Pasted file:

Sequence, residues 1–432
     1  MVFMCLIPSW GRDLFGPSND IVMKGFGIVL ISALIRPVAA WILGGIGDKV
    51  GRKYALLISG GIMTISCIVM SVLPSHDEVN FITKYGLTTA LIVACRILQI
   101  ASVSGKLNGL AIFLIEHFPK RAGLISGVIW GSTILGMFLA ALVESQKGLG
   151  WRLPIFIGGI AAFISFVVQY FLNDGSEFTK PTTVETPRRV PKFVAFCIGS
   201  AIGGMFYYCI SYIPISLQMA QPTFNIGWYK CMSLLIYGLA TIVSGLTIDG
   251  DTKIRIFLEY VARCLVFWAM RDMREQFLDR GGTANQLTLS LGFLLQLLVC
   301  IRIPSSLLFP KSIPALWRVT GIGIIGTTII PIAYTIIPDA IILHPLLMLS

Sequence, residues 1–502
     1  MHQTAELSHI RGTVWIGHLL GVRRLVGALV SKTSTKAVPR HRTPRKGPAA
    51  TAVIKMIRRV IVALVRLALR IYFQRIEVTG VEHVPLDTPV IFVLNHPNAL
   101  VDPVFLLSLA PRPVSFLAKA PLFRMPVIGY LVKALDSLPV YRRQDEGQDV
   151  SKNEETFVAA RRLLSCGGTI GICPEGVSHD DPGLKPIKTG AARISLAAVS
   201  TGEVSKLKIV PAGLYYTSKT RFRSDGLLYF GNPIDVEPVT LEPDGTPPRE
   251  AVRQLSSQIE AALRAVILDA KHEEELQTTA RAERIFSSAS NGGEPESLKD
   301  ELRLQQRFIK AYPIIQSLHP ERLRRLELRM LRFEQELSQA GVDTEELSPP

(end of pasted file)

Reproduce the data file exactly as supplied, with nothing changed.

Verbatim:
Sequence, residues 1–432
     1  MVFMCLIPSW GRDLFGPSND IVMKGFGIVL ISALIRPVAA WILGGIGDKV
    51  GRKYALLISG GIMTISCIVM SVLPSHDEVN FITKYGLTTA LIVACRILQI
   101  ASVSGKLNGL AIFLIEHFPK RAGLISGVIW GSTILGMFLA ALVESQKGLG
   151  WRLPIFIGGI AAFISFVVQY FLNDGSEFTK PTTVETPRRV PKFVAFCIGS
   201  AIGGMFYYCI SYIPISLQMA QPTFNIGWYK CMSLLIYGLA TIVSGLTIDG
   251  DTKIRIFLEY VARCLVFWAM RDMREQFLDR GGTANQLTLS LGFLLQLLVC
   301  IRIPSSLLFP KSIPALWRVT GIGIIGTTII PIAYTIIPDA IILHPLLMLS

Sequence, residues 1–502
     1  MHQTAELSHI RGTVWIGHLL GVRRLVGALV SKTSTKAVPR HRTPRKGPAA
    51  TAVIKMIRRV IVALVRLALR IYFQRIEVTG VEHVPLDTPV IFVLNHPNAL
   101  VDPVFLLSLA PRPVSFLAKA PLFRMPVIGY LVKALDSLPV YRRQDEGQDV
   151  SKNEETFVAA RRLLSCGGTI GICPEGVSHD DPGLKPIKTG AARISLAAVS
   201  TGEVSKLKIV PAGLYYTSKT RFRSDGLLYF GNPIDVEPVT LEPDGTPPRE
   251  AVRQLSSQIE AALRAVILDA KHEEELQTTA RAERIFSSAS NGGEPESLKD
   301  ELRLQQRFIK AYPIIQSLHP ERLRRLELRM LRFEQELSQA GVDTEELSPP